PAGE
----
It is fairly common to hear public complaints that fraud is boosting pro-Kremlin candidates in Russian elections. But it is exceedingly rare to see Moscow authorities lend solid support to such complaints. That’s just what occurred in the far eastern province of Primorsky Krai, or Primorye, last week, after a “miraculous” last-minute voting surge in favor of the Kremlin-backed incumbent governor, Andrei Tarasenko, handed him a narrow victory over his Communist opponent, Andrei Ishchenko. The Communists, who say this sort of thing happens to them all the time in distant regions, took their usual course of staging some street protests and filing a lawsuit in the local court. Even they were surprised when the Central Electoral Commission in Moscow declared that the election was marred by violations and the results must be annulled. It’s the first time in post-Soviet history that a local election has been overturned.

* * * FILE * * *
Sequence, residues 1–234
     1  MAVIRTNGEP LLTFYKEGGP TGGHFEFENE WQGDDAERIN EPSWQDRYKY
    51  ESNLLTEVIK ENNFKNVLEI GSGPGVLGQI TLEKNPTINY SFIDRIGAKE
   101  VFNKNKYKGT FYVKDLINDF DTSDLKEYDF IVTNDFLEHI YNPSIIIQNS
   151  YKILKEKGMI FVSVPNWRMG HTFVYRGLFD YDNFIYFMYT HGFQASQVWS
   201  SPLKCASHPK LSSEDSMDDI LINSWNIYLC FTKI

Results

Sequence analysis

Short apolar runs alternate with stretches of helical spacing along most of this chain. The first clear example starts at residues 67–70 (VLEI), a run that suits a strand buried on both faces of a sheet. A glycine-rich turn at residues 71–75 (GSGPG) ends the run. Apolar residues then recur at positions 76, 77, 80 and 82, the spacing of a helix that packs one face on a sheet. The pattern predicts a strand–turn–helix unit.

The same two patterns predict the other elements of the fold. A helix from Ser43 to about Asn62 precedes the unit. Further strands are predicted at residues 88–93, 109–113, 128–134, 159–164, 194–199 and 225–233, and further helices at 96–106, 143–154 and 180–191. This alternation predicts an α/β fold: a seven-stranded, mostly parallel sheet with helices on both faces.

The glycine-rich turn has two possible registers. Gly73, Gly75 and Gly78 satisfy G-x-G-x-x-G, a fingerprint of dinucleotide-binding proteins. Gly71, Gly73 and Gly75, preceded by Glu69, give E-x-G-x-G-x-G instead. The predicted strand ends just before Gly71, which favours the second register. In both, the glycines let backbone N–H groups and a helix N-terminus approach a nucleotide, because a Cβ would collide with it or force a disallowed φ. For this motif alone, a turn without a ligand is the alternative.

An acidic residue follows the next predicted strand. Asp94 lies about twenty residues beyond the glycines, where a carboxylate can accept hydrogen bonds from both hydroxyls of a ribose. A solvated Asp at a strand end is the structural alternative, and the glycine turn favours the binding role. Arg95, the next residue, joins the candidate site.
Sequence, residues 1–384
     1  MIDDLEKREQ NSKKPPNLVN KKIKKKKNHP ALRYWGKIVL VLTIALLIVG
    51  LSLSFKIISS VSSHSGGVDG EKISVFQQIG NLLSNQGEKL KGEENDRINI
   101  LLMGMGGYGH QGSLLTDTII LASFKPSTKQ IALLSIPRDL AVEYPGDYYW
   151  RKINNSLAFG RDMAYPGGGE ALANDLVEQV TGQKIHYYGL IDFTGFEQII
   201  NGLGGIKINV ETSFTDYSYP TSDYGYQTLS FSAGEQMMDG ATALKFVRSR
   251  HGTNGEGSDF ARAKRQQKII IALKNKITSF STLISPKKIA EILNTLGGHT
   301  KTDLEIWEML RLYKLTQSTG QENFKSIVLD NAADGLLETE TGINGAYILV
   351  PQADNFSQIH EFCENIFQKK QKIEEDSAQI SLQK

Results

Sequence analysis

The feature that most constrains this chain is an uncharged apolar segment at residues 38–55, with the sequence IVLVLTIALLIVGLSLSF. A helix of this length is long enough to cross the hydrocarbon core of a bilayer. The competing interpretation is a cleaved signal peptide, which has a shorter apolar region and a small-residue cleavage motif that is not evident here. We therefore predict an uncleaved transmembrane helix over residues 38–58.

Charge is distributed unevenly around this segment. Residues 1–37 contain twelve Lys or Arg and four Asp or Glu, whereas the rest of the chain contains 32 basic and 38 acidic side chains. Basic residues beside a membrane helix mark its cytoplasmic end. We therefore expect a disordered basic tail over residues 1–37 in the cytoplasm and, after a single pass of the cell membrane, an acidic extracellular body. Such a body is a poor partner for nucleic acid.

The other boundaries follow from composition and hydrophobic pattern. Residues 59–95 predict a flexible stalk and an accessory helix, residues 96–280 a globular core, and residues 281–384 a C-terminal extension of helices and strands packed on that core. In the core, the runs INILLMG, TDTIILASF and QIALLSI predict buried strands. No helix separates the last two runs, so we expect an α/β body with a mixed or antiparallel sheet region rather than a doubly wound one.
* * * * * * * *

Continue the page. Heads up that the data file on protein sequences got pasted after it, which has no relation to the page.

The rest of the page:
There will be no earthquake if, when the election is replayed in three months as the law requires, the governorship of the relatively quiet Pacific coast territory should pass from the ruling party, United Russia, to the loyal opposition Communist Party.
“It’s definitely a positive sign. I think Putin understands that Russia needs more political competition.” says Dmitry Babich, a columnist with the state-run Sputnik news agency. “Getting rid of the most obvious violations, like what happened in Primorye, is a necessary first step.”